Governor cuts spending to cover Medicaid bill
RALEIGH (WTVD) -- Citing $100 million or more in cost overruns in the state Medicaid program - added to $132 million in debt already owed to the federal government - Governor Pat McCrory ordered the State Budget Director Friday to transfer available state funds to offset the losses while also directing state agencies to hold salary increases, limit purchases, and reduce travel.
"It is time to solve this mess, not kick the can down the road and manipulate the budget as was done in the past. It stops now," said McCrory in a statement with the announcement.
McCrory has used the budget problems within the state Medicaid system to justify his decision not to take federal money to expand it under the terms of the federal Affordable Care Act - also known as Obamacare.
He signed a bill earlier this week blocking the expansion.
Expanding the system would mean health care coverage for an additional 500,000 North Carolinians, and the federal government would pick up 100 percent of the cost for the first three years. After that, federal funding would decline on a sliding scale to no less than 90 percent.
But McCrory has said a recent state audit shows the system is so flawed that he's concerned about how even that small percentage would be paid for.
Friday, McCrory said his first priority is stopping the Medicaid liability from impacting the entire budget.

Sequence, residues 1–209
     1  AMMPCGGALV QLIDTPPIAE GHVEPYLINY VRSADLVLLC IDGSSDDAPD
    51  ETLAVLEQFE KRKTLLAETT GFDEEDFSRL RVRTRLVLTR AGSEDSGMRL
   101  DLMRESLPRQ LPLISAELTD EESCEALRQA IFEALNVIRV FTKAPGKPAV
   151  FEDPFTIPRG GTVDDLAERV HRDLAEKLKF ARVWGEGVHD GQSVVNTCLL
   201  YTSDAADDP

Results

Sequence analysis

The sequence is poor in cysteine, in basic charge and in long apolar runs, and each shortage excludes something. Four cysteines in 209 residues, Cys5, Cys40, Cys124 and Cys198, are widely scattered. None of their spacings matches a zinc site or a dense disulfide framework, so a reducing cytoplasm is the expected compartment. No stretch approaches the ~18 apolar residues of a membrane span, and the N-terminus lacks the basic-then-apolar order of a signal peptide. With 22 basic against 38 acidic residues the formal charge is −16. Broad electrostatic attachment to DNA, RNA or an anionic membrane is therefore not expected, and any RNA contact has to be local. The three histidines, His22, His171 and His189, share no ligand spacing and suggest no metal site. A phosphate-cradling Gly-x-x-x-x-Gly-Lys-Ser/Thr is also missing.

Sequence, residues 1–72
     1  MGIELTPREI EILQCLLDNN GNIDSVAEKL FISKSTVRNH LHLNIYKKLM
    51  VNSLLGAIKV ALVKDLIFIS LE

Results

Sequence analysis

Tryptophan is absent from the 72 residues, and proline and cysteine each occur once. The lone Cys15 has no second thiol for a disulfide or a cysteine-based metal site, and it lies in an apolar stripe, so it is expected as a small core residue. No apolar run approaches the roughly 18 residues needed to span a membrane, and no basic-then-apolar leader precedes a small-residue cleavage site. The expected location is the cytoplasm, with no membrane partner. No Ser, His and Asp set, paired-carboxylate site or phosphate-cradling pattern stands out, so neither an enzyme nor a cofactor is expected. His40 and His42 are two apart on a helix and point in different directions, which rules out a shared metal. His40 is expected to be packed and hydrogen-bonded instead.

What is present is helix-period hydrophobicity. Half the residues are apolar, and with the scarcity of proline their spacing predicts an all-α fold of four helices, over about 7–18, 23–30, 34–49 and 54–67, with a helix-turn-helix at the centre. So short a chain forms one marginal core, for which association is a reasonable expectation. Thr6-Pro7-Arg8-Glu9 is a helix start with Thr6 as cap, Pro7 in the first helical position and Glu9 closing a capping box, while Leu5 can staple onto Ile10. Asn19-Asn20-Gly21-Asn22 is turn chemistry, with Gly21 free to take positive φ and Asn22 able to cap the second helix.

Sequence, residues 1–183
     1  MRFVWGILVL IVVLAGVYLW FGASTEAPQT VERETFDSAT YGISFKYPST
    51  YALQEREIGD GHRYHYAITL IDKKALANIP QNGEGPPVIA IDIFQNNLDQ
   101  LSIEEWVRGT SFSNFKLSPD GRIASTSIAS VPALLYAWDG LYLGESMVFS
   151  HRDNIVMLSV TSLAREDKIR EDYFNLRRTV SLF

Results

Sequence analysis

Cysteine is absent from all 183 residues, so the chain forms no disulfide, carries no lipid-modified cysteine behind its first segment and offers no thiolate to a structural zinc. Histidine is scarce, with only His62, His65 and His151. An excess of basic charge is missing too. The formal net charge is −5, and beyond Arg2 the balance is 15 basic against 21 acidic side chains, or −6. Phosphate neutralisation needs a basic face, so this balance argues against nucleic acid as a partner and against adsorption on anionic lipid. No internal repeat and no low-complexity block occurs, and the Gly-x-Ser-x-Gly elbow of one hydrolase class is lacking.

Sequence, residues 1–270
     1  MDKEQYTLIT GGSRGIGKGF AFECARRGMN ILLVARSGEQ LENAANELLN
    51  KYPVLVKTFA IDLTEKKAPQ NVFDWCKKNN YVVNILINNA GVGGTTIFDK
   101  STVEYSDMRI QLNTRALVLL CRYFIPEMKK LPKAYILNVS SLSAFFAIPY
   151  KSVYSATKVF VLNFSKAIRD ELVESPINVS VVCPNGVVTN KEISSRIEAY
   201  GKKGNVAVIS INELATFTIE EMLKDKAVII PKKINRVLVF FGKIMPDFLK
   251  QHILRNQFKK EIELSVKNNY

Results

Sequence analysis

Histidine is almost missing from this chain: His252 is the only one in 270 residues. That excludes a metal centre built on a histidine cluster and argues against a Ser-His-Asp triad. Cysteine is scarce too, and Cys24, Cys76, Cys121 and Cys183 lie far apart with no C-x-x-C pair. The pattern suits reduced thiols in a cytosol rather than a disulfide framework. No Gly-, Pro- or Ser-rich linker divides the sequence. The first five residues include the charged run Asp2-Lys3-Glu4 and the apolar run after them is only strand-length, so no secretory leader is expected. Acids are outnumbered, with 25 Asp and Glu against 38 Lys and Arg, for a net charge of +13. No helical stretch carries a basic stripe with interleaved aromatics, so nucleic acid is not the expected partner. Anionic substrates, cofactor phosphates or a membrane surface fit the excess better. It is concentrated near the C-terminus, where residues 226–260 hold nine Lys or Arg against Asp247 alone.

"If we stop this practice and get a handle on the Medicaid hole, we'll have balanced budgets that fund our priorities, including education, and avoid mid-year shortfalls," McCrory said.
In a memo to Council of State members who lead some state agencies - McCrory urged them to follow the same cost-control measures and contribute to the budget solution.
A local teacher weighed in on the announcement.
"I haven't had a pay raise in four years or so," said fourth grade teacher Carla Smith. "That definitely hurts."
"We want to protect that sound financial footing," said State Budget Director Art Pope. "Rather to wait until the end of the fiscal year, which is in June. We're asking state agencies to start saving dollars right now."
Right now, is when Smith needs extra dollars for her and her growing family.
"Everything's scary now," said Smith. "Not knowing how things are going to be in the next couple years and not knowing how finances are going to be months to month and it's tight.
pat mccrory, inside politics
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